Coverage: Sports Illustrated sells for $110 million
Sports Illustrated magazine has been sold for $110 million to a company that specializes in managing fashion, entertainment and sports brands, including marketing rights to Shaquille O’Neal and Muhammad Ali.
Tali Arbel of the Associated Press had the news:
The seller, Meredith Corp., will continue running the print edition and the website SI.com for at least two years. Its editor and publisher are staying on, and the magazine will have editorial independence.
The deal lets Sports Illustrated grow in new areas such as esports, while Meredith can continue to “produce independent, award-winning journalism and storytelling,” Sports Illustrated Editor-in-Chief Chris Stone said in a statement.
It’s not clear what will happen after two years, though it’s possible Meredith and the new buyer, Authentic Brands Group, could extend their licensing deal, terms for which weren’t disclosed.
The magazine is “so essential in the psyche of sports,” said Samir Husni, director of the Magazine Innovation Center at the University of Mississippi, even after the magazine lost some of its luster with ESPN’s entry to sports journalism decades ago.
Scott Gleeson of USA Today reported that Authentic Brands will receive related SI brands:
Authentic Brands will assume the licensing functions, business development and marketing for the Sports Illustrated brand. It also will receive the associated brands of SI, including Sports Illustrated Swimsuit, Sports Illustrated Kids and Sportsperson of the Year. Some planned business opportunities include events, conferences, gambling and gaming products and video and TV ventures.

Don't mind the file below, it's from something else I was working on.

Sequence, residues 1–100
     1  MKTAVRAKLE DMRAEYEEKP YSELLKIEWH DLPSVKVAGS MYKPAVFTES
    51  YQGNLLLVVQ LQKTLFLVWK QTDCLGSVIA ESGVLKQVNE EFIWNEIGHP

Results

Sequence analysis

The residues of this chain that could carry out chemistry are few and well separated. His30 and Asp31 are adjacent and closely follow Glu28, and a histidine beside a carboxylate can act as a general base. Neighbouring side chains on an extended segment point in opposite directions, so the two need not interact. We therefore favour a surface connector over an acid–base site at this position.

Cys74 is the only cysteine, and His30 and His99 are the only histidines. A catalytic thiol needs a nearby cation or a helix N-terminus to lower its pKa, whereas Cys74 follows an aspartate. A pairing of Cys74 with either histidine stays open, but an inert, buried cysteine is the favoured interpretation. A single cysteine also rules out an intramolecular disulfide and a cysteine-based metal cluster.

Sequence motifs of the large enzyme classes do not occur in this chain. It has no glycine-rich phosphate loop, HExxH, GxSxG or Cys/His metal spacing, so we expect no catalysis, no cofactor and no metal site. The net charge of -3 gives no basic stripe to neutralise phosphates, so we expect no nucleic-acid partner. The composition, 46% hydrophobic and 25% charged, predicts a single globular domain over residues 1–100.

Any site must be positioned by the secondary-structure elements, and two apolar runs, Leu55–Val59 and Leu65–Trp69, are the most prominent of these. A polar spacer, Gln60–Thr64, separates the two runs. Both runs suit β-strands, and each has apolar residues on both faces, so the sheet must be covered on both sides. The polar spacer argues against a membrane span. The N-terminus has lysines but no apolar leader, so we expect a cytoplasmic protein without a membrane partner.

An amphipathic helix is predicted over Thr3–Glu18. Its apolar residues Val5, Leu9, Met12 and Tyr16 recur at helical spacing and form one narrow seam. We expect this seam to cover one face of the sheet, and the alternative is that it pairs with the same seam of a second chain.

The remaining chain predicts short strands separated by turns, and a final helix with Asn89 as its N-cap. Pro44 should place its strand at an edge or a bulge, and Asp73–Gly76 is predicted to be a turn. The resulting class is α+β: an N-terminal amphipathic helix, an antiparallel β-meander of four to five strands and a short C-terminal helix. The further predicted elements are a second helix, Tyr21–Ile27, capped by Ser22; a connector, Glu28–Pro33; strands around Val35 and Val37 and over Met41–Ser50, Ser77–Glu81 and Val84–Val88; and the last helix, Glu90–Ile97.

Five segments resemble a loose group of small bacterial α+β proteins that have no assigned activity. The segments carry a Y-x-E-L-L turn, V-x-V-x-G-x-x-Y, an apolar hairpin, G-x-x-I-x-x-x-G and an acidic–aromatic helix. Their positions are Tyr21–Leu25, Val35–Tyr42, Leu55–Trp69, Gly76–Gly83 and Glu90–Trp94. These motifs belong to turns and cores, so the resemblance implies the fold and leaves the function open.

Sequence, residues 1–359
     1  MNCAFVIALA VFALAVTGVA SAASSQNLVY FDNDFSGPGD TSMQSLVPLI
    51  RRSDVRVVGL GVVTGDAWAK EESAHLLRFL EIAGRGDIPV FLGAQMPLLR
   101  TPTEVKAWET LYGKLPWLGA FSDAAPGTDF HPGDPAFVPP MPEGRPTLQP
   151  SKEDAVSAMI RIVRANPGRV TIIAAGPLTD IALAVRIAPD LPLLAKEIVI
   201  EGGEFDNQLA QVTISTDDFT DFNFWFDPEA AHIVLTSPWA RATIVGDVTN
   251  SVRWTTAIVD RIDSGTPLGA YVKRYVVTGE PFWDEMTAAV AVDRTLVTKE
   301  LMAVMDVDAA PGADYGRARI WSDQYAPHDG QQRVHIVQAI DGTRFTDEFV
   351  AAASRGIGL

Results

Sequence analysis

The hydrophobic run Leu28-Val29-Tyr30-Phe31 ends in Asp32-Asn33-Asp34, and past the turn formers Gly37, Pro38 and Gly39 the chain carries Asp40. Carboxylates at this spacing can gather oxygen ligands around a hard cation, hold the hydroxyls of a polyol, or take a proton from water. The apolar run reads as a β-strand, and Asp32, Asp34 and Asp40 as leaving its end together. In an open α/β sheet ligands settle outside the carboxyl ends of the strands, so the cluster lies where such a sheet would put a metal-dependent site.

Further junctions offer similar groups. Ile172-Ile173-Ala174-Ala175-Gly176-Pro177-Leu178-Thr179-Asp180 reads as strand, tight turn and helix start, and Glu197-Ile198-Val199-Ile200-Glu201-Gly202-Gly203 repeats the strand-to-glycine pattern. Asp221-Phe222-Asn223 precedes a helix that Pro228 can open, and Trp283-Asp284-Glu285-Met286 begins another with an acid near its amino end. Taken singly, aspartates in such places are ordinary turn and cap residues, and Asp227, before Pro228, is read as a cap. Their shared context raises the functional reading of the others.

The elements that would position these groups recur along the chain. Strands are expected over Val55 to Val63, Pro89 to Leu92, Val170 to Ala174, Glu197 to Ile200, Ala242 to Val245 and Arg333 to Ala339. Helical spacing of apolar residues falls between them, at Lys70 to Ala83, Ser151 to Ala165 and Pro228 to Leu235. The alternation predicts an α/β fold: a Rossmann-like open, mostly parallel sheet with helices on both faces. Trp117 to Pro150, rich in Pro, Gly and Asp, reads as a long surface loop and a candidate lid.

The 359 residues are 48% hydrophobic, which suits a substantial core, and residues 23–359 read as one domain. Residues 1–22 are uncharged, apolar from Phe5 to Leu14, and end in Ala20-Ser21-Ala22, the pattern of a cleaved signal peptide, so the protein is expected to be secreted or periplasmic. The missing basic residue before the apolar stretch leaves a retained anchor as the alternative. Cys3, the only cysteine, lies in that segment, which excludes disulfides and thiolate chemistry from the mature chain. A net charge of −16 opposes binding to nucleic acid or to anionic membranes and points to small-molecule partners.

“SI’s trusted name and fiercely devoted following set the stage for the brand to become a leader in lifestyle and entertainment,” Jamie Salter, the founder, chairman and CEO of Authentic Brands said in a statement.
Ben Strauss of The Washington Post reported that Authentic is primarily a fashion company:
Authentic Brands has never licensed a media company, though, and most of its holdings are in the fashion industry, where it owns licensing rights to Nautica and Juicy Couture. That makes the marriage a strange one for a publication that debuted in 1954 from magazine magnate Henry Luce. The weekly glossy quickly became the pinnacle of sports writing — home to writers such as Frank Deford and Dan Jenkins — as well as its annual swimsuit issue. In recent years, Sports Illustrated has fallen on harder times, along with much of the magazine industry, and it was slow to adapt to a digital world as advertising revenue dwindled and audiences moved online.
What the sale means to the journalism of Sports Illustrated is harder to say. The magazine remains profitable, and Meredith and Authentic Brands reached a profit-sharing agreement, the people familiar with the arrangement said. But at the end of the two year-agreement, Meredith has the right to walk away from the deal, which would leave Authentic Brands looking for an editor and publisher in a difficult industry. (The print version of the magazine will continue to be published over that time.) Last month, ESPN announced its flagship magazine would stop publishing a print edition because it was not profitable.